So the new label was created as an outlet for your new album ‘Love that will not die’ ?

Doing my own music, on my own label, with a live performance element around it, and to be doing it with my mates Paul and Julia is great.
For me its symbiotic, and it was a realisation I had a couple of years ago. Beforehand I used to separate the idea of DJing, the live performance, the label and the studio… as individual entities. I now understand that they are all part of the same thing for me. If they all lead into each other it allows me to express myself more fully, whether its live performance, the artwork, the music… and means I get to invest a part of myself into all aspects of the job. This has enabled me to be more passionate about my output, so that it doesn’t become… just another track… just another record.

Has this new found approach to your work had an influence on the title of your album?

Yeah possibly. The title actually came from the name of a Johnny Guitar Watson track, a great funk soul record, and the title had stuck with me for years. But I think also because it’s got love and death in the title, those are the things that define us all in some way. Without trying to get too deep!

You collaborate with Sister Sledge on the album track ‘Stay A While’ – how did that collaboration come to pass? And how were they to work with in the studio?

They were great, and it came about quite bizarrely over twitter. They posted something about being into an edit I made years ago, and it was at a time when I was dreaming up ideas for the album. So I decided to respond with thanks and asked if they’d be up for collaborating and it just snowballed from there, before you know it we’re in the studio for a few hours jamming in London. They have some new material soon as well, so hopefully I’ll get the opportunity to return the favour on their album. It’s refreshing to know that someone like myself who’s working an indy label can make connections like this, and that there’s still hope for other people who do the same.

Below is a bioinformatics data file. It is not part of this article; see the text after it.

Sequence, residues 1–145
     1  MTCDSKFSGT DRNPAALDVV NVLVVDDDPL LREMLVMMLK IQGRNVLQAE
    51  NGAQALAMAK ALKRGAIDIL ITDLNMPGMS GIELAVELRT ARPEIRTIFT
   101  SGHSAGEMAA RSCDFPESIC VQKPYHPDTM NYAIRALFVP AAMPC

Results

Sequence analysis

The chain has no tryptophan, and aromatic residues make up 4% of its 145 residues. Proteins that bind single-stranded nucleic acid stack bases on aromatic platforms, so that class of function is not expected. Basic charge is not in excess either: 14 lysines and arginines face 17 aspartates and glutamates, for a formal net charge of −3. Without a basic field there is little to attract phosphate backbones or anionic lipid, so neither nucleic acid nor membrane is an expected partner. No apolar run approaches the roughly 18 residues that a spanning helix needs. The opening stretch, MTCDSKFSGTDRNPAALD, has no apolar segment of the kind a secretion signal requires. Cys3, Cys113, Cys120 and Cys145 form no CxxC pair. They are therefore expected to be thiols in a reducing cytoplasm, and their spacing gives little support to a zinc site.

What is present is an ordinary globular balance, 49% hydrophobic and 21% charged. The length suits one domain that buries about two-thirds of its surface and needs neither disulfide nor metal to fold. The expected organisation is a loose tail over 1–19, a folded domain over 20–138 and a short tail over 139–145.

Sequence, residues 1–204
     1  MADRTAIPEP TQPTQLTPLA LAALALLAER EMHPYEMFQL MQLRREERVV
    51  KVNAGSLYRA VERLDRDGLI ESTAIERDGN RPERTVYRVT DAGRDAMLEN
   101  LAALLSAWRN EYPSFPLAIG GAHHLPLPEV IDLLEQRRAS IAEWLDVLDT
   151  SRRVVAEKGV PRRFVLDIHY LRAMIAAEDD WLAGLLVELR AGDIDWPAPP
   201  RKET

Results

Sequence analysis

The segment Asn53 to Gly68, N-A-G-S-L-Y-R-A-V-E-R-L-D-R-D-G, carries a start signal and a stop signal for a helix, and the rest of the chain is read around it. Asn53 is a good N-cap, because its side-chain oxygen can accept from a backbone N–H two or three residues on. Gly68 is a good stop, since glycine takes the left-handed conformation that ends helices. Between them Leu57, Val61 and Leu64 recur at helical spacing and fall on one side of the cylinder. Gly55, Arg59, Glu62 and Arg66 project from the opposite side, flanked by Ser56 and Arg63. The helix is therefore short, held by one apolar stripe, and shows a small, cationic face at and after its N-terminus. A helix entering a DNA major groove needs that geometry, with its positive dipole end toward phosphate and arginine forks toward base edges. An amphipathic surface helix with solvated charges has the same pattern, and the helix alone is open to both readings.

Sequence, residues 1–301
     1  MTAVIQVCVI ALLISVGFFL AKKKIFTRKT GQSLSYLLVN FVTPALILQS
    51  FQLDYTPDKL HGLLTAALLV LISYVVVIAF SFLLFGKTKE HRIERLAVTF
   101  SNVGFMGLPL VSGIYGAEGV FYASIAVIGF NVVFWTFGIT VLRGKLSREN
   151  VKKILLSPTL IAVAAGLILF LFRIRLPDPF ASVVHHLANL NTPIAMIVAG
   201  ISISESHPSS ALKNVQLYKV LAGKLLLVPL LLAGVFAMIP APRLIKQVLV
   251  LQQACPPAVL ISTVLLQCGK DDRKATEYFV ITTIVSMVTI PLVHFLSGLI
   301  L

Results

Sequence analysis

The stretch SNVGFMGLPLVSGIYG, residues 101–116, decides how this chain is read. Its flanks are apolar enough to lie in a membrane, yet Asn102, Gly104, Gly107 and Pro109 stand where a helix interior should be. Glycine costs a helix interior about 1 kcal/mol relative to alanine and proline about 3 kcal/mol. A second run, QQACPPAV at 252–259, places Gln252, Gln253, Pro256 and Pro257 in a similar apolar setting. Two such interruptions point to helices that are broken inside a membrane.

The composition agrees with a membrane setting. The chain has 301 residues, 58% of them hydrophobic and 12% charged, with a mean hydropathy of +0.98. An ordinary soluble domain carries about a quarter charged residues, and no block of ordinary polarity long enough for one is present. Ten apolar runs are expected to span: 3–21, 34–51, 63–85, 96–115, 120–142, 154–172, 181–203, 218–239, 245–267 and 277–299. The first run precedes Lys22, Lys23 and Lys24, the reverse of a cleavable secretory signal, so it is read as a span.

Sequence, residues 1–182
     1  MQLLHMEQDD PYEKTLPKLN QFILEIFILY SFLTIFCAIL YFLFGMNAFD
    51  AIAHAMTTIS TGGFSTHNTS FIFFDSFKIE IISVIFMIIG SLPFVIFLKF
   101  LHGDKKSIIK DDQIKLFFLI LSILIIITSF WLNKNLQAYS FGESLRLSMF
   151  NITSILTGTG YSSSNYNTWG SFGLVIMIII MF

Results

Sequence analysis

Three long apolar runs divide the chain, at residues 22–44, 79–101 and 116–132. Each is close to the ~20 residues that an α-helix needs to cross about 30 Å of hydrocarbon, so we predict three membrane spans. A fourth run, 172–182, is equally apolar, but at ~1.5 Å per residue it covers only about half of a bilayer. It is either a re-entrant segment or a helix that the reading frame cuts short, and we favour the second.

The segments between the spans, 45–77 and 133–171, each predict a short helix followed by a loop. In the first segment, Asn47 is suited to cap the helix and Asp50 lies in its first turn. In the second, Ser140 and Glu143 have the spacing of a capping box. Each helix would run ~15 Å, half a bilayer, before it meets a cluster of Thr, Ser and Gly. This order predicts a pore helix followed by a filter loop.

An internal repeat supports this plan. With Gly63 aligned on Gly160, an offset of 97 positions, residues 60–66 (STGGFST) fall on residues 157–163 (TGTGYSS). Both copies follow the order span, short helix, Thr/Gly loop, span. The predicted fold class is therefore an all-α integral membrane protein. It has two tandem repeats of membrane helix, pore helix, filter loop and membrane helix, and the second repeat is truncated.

Do you think this will be the first of multiple LPs, or is Love That Will Not Die a labour of love that you just needed to release?

The LP format is one thing that I’m not sure about at the moment. I certainly did take time to make this into a cohesive piece of work, with the intention that it’s read as a whole. I’d like to make more, and in some ways it’s made me more interested in expanding upon it, with an ambient cassette version to be released in the summer to coincide with the summer solstice. The thing that sometimes irritates me about my own work is when a track’s finished it becomes set in stone, and I often find when you come to the end of producing there’ll be another element come to the fore and you think, ‘well if I did something with this there’d be potential for another great track’ and you never really get the opportunity to explore it, it finishes there. So by doing another version, and also playing it live where it can evolve, I’m finding greater opportunity to give the album material a further lease of life.

With a new album, and refreshed live set, does this mean we can expect a summer show?

Yeah, we’ve got a live show in Fabric on Saturday 4th July, and that’s the main London gig in the diary just now, with more stuff in the summer currently TBC.


The Revenge
Roar Groove